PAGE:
Quick Buyers Guide to Using & Choosing Psychometric Tests & Assessments in New Zealand

October 2012

In our experience, many managers and business owners are keen to either introduce objective assessments of job candidates and existing staff for the first time, or look at reviewing the processes currently in place to ensure they are delivering effectively and providing value for money.

The benefits of reducing the risks of poor recruitment decisions and identifying talent in the team are clear, but when it comes to choosing a tests and assessments for your business, or reviewing the effectiveness those already in place, where do you start?

The shortest and most effective route is to contact us on 0508 736 753 as independent consultants who can recommend psychometric tools most appropriate to your organisation rather than those confined to one suppliers brochure.  However, for readers keen to discover for themselves, the guide below will take a couple of minutes to read and potentially save your organisation and your career

There are four criteria that anyone with hiring and staff management responsibilities should consider before going down the route of using psychometric assessments in the workplace.  The pitfalls of getting these criteria wrong have cost organisations dearly, so here’s an opportunity to learn from their collective mistakes.

1. Is this Psychometric Test Any Good?

Buyers are faced with a mountain of differing tests and assessments, each one claiming to be the latest and greatest and backed up with assertions of their effectiveness.  Many are either free or very cheap internet-based assessments, which we would urge you to treat with the same caution as most ‘too good to be true’ internet offers.  Just as you wouldn’t trust your health with cut-price on-line pharmaceutical products, or your bank account details to an allegedly ousted African royal family with millions to give away, would you trust internet test freebies to determine whether a sales candidate is going to put hundreds of thousands of dollars onto your bottom line, or as trusted guide of where to direct your career?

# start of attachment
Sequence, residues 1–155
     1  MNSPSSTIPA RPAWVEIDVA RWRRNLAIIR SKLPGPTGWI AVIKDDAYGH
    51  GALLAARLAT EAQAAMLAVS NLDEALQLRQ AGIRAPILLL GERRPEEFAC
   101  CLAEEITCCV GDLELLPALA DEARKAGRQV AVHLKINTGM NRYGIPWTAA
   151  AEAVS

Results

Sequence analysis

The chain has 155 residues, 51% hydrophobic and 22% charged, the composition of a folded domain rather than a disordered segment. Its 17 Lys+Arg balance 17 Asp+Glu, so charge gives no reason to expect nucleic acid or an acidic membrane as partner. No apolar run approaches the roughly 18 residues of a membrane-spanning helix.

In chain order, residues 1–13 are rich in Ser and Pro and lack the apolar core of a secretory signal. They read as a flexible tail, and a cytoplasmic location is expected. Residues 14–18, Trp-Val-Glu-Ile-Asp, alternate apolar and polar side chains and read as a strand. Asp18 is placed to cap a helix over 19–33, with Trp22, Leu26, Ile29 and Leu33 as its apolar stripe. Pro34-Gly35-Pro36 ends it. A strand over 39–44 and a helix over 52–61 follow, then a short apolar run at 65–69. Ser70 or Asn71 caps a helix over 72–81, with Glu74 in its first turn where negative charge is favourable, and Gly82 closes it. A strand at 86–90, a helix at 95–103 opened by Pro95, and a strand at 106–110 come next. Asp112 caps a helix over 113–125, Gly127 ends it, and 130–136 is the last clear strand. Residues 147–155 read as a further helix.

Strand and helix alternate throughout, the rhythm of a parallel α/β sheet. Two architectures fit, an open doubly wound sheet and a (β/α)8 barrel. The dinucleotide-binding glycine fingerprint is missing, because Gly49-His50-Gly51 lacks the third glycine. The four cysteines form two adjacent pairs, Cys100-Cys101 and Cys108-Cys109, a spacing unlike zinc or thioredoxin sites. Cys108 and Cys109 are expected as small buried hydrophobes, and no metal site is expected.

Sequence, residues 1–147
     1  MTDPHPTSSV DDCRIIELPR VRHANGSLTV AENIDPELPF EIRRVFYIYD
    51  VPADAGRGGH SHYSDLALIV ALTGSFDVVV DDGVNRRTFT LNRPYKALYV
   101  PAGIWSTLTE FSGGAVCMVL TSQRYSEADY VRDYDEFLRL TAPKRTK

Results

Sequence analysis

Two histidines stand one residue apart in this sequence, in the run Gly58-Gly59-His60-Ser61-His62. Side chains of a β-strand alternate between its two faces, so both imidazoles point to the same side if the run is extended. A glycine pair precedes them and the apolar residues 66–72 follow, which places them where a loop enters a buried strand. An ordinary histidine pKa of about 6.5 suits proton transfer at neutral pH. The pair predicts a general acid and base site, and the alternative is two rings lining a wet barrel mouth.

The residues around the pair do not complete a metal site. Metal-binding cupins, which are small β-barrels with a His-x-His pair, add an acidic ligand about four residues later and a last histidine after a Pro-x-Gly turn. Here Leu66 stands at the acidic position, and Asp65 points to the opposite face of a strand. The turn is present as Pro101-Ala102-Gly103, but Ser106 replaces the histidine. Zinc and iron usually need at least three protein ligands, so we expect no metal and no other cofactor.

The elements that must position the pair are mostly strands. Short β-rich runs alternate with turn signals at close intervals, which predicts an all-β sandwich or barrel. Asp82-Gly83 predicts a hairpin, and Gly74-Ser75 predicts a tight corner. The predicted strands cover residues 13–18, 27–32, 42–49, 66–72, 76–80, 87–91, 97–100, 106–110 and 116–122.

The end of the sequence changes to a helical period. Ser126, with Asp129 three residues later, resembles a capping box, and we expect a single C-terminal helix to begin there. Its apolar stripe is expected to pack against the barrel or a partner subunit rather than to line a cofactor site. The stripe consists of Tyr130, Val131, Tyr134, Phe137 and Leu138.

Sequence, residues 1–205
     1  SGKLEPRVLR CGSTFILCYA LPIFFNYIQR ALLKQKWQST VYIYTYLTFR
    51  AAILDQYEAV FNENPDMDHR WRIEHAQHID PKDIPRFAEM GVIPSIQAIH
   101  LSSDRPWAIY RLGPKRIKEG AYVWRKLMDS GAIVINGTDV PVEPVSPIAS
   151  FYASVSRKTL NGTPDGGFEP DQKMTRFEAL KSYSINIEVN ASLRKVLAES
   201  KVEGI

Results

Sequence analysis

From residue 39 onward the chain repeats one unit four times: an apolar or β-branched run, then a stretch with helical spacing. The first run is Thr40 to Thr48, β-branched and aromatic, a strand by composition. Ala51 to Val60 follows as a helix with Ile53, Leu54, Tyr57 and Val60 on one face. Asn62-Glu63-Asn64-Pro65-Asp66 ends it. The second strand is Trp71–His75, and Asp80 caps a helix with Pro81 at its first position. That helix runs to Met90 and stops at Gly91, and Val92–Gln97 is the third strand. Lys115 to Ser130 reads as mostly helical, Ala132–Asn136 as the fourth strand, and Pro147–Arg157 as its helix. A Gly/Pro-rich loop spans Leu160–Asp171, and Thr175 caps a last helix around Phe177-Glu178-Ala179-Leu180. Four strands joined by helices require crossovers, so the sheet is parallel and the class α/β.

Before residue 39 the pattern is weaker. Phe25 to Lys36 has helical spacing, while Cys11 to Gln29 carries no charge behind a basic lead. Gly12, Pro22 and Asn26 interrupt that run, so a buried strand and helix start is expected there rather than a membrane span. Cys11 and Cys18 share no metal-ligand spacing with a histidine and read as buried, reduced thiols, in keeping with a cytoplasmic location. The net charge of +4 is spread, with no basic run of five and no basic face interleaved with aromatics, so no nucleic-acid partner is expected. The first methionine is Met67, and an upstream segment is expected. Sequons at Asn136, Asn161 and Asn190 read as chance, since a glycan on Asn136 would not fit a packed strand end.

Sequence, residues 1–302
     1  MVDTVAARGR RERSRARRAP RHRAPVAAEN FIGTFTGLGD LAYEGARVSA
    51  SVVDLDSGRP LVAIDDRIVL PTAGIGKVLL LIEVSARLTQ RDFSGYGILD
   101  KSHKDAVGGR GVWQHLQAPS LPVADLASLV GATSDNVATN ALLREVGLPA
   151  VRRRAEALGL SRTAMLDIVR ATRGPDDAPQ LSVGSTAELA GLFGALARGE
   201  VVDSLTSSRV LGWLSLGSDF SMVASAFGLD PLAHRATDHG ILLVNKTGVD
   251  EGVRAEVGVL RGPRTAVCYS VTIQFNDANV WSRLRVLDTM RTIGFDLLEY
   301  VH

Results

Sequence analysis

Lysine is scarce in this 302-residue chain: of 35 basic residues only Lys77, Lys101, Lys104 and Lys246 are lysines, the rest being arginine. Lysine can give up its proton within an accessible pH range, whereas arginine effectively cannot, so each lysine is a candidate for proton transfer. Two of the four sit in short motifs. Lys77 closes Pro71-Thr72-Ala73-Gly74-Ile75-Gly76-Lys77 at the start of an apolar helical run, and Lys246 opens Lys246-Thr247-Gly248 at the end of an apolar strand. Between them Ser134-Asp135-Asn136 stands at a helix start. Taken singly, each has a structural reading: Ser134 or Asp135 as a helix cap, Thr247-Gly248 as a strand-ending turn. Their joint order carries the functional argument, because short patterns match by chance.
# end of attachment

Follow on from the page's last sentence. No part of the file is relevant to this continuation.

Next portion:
The acid test for psychometric products is their reliability and validity.  The best products on the market have as much as twenty years of empirical research behind them before they were launched on the market. Independently researched findings of whether a psychometric test actually does what it claims to do can be sought from the New Zealand Council of Educational Research (www.nzcer.org.nz) and the British Psychological Society (www.bps.org.uk).  If you go directly to the publishers, insist on seeing their products reliability and validity reports, and do give us a call if you run into barriers in determining whether the product is all it’s cracked up to be.  Several well used and misguidedly respected psychometric products common in New Zealand have abysmal reliability and validity rating and rank no better than horoscopes in determining whether a candidate is likely to be effective in the job.

Also, ask what training and qualifications users must have to administer and feedback the tests you are considering.  Most personality assessments worth a second look require at least five days training to use, and can only be purchased by appropriately qualified people.  Tests that require no or minimal training are best avoided.

We are always available to answer your questions on the usefulness of tests with objective advice, and only recommend psychometric tests that have passed strict validity and reliability standards.

2. Is the Test Relevant to the Job?

A common pitfall that can land employers in hot water with tribunals is picking tests that are not relevant to the job, especially when they are used inconsistently to screen out people from selection in recruitment and promotion.  An example would include using complex numerical reasoning tests when the job requires no more than basic arithmetical ability.

Ensuring ability tests are pitched at the skill requirement of the job and personality traits sought relate to the competencies and desired behaviours in the position description are essential steps before purchasing tests and assessments.